Athletes Who Peaked Later In Life

For some sports stars, it seems like the game just comes easy. They can make all the plays, win the awards, and excel in the clutch moments. Then there are others; those who struggle with consistency and have a tough time making their name. Though star athletes can make it seem simple, playing professional sports is no small task. Sometimes we can forget how difficult it really is to catch a flyball, throw a touchdown pass, or stop a slapshot.

Not only does their physical conditioning have to be second to none, but the mental aspect of pro sports has become much harder. It's not surprising then, that many young athletes struggle on their way to superstardom. While some stars are famous for excelling at a young age, like Bryce Harper, Patrick Mahomes, and Wayne Gretzky, for others it takes far longer.

Which player was retired for nearly a decade before making it to the major leagues? Who was cut four times and still worked his way to be a defensive player of the year, and which UFC star did not start fighting until he was in his mid-30s? Read on to find out, these are the athletes who peaked later in life.

Jim Morris

In the January 1983 MLB draft, the Milwaukee Brewers selected left-handed pitcher Jim Morris with their first-round pick. He was a young hurler with a lot of promise, but he struggled heavily during his minor league career. His arm was plagued by injuries, and he never advanced above Single-A ball — the lowest level in the minors. By 1989, most of his deltoid muscle had been removed through surgeries, and doctors told him he would never pitch again (per MLB). Morris' career was over.

Or was it? In 1999, after a total of five arm surgeries, Morris started teaching high school science in Texas. He also started coaching the school's baseball team that season, and that was the unlikely catalyst to restart his pro career. Morris promised his team that if they won the championship, he would try out for the Tampa Bay Devil Rays, who were holding tryouts nearby in Texas.

His team won and his tryout went sensationally. He threw 98 mph on 12 consecutive pitches, and he was quickly signed to a minor league deal. Finally, on Sept 18, 1999, 16 ½ years after he was drafted, Jim Morris made his major league debut for the Devil Rays. He pitched in front of his wife and three kids, striking out the only batter he faced. Pure baseball nirvana. Morris pitched for part of the next two years for the Tampa Bay and their Triple-A affiliate, before retiring for good from injuries in 2000.

Kurt Warner

Former quarterback Kurt Warner's career is one of the most distinguished in NFL history. Yet, his path to the pros was anything but quick. The top football colleges ignored Warner coming out of high school, and he settled for the University of Northern Iowa, a Division I-AA school (via Biography). He didn't start until his senior season, and despite some success, he went undrafted after he graduated in 1994. Warner signed with the Green Bay Packers as a free agent, but they cut him after barely a month. Dejected, he eventually got a job at a supermarket, but still practiced in his free time at his old college.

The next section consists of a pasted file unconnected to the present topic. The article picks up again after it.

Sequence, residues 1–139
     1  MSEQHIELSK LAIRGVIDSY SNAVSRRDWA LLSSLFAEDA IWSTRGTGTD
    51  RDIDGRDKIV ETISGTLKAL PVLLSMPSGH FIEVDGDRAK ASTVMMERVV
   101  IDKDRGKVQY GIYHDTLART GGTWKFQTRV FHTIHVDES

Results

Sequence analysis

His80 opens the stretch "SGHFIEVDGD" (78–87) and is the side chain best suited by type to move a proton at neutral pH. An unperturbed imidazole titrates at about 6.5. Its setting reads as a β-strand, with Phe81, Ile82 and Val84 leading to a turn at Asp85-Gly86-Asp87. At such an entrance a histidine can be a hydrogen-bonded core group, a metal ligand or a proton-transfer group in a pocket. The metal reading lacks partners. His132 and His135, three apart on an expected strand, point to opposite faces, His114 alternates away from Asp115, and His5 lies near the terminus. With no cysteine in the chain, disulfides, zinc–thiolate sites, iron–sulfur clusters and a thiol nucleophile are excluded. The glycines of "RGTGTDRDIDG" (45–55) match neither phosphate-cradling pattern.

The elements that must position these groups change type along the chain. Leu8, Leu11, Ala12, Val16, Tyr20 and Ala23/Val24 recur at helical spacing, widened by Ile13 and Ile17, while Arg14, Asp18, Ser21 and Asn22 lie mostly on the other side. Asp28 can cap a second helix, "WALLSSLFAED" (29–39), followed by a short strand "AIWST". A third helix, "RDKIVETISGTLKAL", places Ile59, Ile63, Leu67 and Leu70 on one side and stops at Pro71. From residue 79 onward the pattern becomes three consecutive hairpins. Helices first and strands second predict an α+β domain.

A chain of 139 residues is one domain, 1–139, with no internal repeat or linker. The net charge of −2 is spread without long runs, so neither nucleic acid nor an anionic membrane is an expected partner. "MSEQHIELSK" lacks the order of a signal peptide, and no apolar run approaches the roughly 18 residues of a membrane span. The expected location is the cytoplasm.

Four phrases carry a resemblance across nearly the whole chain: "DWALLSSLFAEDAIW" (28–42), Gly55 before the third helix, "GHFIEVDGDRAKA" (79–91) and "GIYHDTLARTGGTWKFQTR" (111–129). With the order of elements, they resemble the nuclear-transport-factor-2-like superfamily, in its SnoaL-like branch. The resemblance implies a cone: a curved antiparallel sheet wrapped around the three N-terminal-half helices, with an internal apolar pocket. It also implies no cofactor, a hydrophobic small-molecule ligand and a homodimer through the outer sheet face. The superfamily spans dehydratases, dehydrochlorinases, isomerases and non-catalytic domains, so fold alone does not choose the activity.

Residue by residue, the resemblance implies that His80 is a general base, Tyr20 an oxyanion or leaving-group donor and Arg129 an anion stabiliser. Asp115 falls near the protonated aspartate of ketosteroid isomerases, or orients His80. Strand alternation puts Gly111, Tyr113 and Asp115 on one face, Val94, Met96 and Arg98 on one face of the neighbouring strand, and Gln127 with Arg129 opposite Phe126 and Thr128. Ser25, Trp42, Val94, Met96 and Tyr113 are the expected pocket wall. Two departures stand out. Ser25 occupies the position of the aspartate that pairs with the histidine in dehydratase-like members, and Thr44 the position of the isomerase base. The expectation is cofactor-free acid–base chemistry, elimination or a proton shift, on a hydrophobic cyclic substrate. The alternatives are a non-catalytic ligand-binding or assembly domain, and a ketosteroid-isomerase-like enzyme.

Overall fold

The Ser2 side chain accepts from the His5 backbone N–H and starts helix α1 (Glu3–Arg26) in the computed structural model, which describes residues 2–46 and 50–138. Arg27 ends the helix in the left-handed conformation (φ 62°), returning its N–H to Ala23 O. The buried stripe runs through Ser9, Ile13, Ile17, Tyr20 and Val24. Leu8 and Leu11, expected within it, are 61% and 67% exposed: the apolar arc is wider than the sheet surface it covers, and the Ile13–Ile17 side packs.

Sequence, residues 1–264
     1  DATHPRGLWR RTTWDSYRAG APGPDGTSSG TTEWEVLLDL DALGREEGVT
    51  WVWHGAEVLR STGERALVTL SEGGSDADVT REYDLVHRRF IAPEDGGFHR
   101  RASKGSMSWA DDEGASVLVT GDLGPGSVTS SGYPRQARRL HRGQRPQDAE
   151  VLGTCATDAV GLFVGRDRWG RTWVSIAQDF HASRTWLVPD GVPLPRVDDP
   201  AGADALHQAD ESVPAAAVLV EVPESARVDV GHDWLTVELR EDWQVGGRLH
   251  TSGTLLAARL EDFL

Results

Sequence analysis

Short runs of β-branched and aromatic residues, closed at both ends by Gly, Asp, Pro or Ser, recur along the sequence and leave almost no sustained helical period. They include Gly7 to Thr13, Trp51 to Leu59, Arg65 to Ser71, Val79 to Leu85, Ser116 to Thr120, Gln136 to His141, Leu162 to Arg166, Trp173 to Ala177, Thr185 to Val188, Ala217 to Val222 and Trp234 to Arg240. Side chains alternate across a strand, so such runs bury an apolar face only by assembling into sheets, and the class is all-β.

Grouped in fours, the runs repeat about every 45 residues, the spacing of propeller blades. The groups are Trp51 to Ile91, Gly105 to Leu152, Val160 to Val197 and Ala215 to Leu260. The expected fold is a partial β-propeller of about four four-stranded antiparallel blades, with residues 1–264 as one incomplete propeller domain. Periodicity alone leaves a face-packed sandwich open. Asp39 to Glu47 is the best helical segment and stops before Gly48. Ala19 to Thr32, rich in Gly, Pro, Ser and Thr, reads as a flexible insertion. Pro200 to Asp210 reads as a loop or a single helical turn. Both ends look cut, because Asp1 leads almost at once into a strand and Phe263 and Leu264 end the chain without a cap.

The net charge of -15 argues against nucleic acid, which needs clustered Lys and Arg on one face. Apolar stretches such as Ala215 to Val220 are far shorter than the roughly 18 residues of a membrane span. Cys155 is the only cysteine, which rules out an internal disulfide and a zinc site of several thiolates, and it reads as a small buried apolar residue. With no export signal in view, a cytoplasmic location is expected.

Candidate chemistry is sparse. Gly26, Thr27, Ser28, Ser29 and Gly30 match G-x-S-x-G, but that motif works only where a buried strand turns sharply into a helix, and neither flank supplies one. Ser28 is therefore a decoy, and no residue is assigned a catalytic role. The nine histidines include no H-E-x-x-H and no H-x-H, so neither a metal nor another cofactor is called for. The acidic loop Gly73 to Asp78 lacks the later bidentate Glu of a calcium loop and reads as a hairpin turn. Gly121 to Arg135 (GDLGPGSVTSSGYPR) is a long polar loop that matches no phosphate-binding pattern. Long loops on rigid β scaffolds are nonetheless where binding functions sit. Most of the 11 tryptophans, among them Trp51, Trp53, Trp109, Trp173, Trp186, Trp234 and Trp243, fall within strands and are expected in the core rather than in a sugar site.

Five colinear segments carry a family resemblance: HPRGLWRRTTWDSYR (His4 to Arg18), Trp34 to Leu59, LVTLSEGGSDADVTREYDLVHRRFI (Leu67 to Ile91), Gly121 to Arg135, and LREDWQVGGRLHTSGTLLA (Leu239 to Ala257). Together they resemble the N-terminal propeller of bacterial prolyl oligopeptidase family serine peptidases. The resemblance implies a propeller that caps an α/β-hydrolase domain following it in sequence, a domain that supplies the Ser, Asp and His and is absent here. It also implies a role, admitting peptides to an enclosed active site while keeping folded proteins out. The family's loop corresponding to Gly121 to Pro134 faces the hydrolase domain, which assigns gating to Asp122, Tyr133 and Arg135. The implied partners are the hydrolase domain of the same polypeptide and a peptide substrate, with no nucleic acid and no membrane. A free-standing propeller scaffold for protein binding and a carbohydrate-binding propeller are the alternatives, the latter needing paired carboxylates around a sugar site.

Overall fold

In 1995, Kurt Warner started playing again in the Arena Football League, and by 1998, he was playing in the NFL Europe league for the St. Louis Rams' affiliate. After performing well in Europe, Warner was selected for the Rams' NFL roster that August.

He gained the starting job the next year in 1999, when he was 28 — and his career was never the same. That season, he went on to win the league MVP, Super Bowl XXXIV, and was named Super Bowl MVP (per the Pro Football Hall of Fame). During his playing days, Kurt Warner was also named to two All-Pro teams, won another league MVP in 2001, and was elected to the Hall of Fame in 2017. He played in two more Super Bowls in his 30s, retiring after the 2008 season.

R.A. Dickey

Famous knuckleballer Robert Allen Dickey, better known as R.A. Dickey, had one of the more unusual career paths to sports superstardom. Originally born in 1974 in Nashville, Tennessee, Dickey was drafted by the Texas Rangers with the 18th overall pick in the 1996 MLB draft (per the Society for American Baseball Research). Thinking he was quickly headed for the majors, disaster soon struck. Doctors informed Dickey and the Rangers that he shockingly had no ulnar collateral ligament in his pitching arm, and he needed surgery immediately.

The Rangers offered to stick with him, which Dickey accepted, but it took him another five years until he made his big league debut in 2001. Yet, Dickey's inconsistency plagued him, and after struggling for years, he was released in 2006. In 2007, he signed with the Seattle Mariners, and a conversation with fellow pitcher Tim Wakefield was the key to turning his career around. Dickey was known as a knuckleballer, but Wakefield, a knuckleball specialist, taught him how to refine his grip and throw the pitch more effectively.

In 2010, when he was 35 years old, R.A. Dickey signed with the Mets and his MLB career took off, immediately becoming a top pitcher in the league — thanks to his knuckleball. In 2012, Dickey won the Cy Young Award, given to the best pitcher in each league in Major League Baseball. He was 37 years old and he had won 20 games: It was his finest season. Dickey retired in 2018, after six straight seasons of posting double-digit wins (per Baseball-Reference).

Brandon Weeden

It's the rare athlete who can claim they were selected as top draft picks in both the NFL and MLB drafts, but if you're Brandon Weeden, you're one of the few. According to Cleveland.com, Weeden was drafted by the New York Yankees as their top draft pick in the 2002 MLB draft, and 10 years later, he was selected by the Cleveland Browns as the 22nd overall pick in the first round. He was a dual-threat athlete in high school, both as a pitcher and quarterback, but it was the Yankees that drafted him during his senior year — giving him over $500,000 to sign with them.